By Wayne Powers, Alternative Fuels General Manager
Arguably the most important component of a compressed natural gas (CNG) fuel system is the fuel tank, which demands consistently reliable performance over many years of service. Depending on a fleet’s driving range requirements, along with the vehicle platform and other factors, multiple fuel tanks can be specified by a CNG system integrator, with variations for type, diameter and length. Keep in mind that CNG fuel tank specifications are very precise, because they are often specified for a given vehicle application. If there is an eventual need, an exact replacement is necessary, in order to seamlessly synch with system components.
Therefore, there is some risk involved for system integrators as they select a fuel tank supplier. The best way for integrators to mitigate that risk is to do their homework on the front end, starting with the following three questions:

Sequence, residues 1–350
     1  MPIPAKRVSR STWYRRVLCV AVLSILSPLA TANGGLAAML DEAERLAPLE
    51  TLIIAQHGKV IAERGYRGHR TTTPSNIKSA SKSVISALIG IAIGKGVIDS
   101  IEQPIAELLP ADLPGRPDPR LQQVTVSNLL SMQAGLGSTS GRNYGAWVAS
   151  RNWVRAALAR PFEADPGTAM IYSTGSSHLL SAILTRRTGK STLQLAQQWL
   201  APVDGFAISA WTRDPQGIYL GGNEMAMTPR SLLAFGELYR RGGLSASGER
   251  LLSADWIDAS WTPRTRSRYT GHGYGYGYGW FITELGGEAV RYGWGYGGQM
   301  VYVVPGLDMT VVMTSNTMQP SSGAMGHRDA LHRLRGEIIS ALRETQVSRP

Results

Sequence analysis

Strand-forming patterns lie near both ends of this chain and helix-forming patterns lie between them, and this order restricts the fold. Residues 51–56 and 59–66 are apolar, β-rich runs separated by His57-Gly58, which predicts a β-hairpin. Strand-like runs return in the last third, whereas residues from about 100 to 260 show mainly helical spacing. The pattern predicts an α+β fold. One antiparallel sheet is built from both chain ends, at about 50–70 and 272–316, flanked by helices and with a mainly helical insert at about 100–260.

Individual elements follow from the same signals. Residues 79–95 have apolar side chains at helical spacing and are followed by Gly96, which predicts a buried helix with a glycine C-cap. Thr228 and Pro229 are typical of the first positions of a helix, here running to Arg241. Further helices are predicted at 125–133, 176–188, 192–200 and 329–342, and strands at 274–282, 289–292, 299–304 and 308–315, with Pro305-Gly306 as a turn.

- Does the CNG fuel tank supplier’s product range match my vehicle designs? This includes not only length, diameter and tank type, but also custom designs. Sometimes, a very specific tank is required based on available dimensions and the supplier’s design and manufacturing expertise.
- What is a supplier’s process for managing design changes? An integrator may start with a particular system design, but based on vehicle platform evolution, that design will change. Does a fuel tank supplier have demonstrated ability to be flexible over time, and in-house engineers that are experienced enough to adapt? Remember, if there is a design change, and a new fuel tank is required years later, that tank will have to be re-qualified.
- What type of support can be expected? Since CNG fuel tanks are meant to last up to 25 years, choice of a partner that can support that product over its usable lifespan is key. Support includes availability of parts, like O-rings and valves, along with direct-replacement tanks. But support also includes customer service and repairs. A fuel tank supplier is more valuable if it has representatives that can head into the field, diagnose a problem and fix it.
These three questions should be considered a starting point. Answers to these, and other questions, will provide system integrators important data on how a fuel tank supplier’s processes maximize system design and performance, which will help meet the needs of fleet operators, both today and well into the future.
Wayne Powers leads the strategic growth and day-to-day operations of Worthington Industries’ Alternative Fuels business.